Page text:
Medieval Music That Changed My Life: Perotin and Paolo da Firenze

5

July
2010

I can still remember when I first heard Perotin’s “Viderunt omnes.”

It was during my first year as a graduate student in musicology at LSU where I was obligated to take a variety of courses, which included music of the Middle Ages. Fortunately, the professor who taught the class was a renowned medievalist who really knew his stuff and conveyed his love of the subject brilliantly (I won’t ‘drop’ his name but a quick Google search will undoubtedly reveal who he is). I, on the other hand, had only a passing relationship with medieval music and was only now immersing myself for the first time.

The group performing Perotin’s music was the Hilliard Ensemble (then directed by Paul Hillier).

From the very beginning I was left completely stunned as it was hard for me to believe that this was medieval music. Instead, it sounded shockingly modern, even post-modern (I later played the recording for a friend who opined similarly).

It made such an impression on me that I not only bought the recording, but it was for years the only CD of medieval music I owned until becoming a writer for Harmonia.

BUY: Perotin: Hilliard Ensemble (ECM New Series)

Which brings me to the other recording that made me take note…

I’m not sure which Harmonia program it was for, but I was definitely looking to flesh out a medieval theme (the earliest shows I wrote with medieval music were as much exploration and education for myself as they were for the audience, or at least that’s how I approached them).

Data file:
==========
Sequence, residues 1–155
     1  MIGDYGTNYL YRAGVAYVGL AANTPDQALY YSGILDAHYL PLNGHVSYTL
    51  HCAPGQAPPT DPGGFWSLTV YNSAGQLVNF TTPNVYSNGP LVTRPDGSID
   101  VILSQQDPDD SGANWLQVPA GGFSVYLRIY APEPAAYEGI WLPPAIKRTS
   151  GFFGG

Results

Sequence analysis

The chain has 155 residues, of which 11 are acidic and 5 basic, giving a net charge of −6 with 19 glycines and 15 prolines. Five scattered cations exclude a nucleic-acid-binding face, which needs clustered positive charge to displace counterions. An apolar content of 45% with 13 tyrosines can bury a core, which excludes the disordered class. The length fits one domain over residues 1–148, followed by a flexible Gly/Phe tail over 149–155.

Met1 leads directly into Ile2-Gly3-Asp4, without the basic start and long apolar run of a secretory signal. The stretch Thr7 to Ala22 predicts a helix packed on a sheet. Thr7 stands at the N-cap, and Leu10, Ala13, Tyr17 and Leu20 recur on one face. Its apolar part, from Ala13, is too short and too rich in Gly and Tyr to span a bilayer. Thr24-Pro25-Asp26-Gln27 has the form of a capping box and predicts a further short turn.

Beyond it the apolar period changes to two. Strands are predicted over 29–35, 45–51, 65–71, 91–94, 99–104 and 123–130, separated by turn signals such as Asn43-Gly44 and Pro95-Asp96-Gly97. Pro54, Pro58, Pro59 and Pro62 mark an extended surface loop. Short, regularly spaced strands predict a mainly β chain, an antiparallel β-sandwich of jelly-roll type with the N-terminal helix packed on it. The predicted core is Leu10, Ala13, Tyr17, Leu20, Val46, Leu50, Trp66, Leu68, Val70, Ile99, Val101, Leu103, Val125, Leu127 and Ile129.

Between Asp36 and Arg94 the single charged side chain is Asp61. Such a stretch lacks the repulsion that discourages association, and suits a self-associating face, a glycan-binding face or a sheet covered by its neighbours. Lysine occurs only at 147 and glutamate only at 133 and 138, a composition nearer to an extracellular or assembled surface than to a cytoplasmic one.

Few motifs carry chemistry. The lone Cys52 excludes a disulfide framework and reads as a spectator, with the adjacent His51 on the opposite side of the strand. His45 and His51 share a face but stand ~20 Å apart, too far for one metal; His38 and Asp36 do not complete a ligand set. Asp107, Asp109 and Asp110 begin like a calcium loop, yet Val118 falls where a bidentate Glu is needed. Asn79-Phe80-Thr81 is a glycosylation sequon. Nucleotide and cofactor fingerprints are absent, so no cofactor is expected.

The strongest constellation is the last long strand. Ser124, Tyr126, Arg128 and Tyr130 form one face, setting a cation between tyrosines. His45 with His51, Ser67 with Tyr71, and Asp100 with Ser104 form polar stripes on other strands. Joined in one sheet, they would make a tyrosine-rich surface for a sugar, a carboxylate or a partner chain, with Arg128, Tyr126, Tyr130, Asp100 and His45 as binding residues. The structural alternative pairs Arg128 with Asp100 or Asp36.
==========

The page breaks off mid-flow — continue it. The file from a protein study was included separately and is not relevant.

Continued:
Thanks to a friend, I came across Mala Punica’s “Narcisso Speculando: Madrigals of Paolo da Firenze,” which was a total shock and, like the Perotin CD, made me more aware and curious about the middle ages, especially of the genre of medieval music known as Ars subtilior (I’d already seen Perdro Memelsdorf and Mala Punica perform live so I had some expectation, but it didn’t necessarily prepare me for this recording).

Paolo da Firenze’s madrigals are, in many ways, complex and abstract. I don’t pretend to understand the music, yet I can listen to Mala Punica’s performance and easily allow it to mesmerize me. I’m really struck with how beautiful the ensemble sounds, how virtuosic the music really is, and how sophisticated an approach Memelsdorf takes.

BUY: Narcisso Speculando: Madrigals of Paolo da Firenze (Harmonia Mundi)

In the last few years, I’ve listened to an immense amount of medieval and medieval-inspired music. And while I don’t perform it, I do admit to continually learning about and appreciating it through live and recorded performances. I remain shocked (in a good way) every time I listen to the two recordings above, which have always surprised and delighted me.

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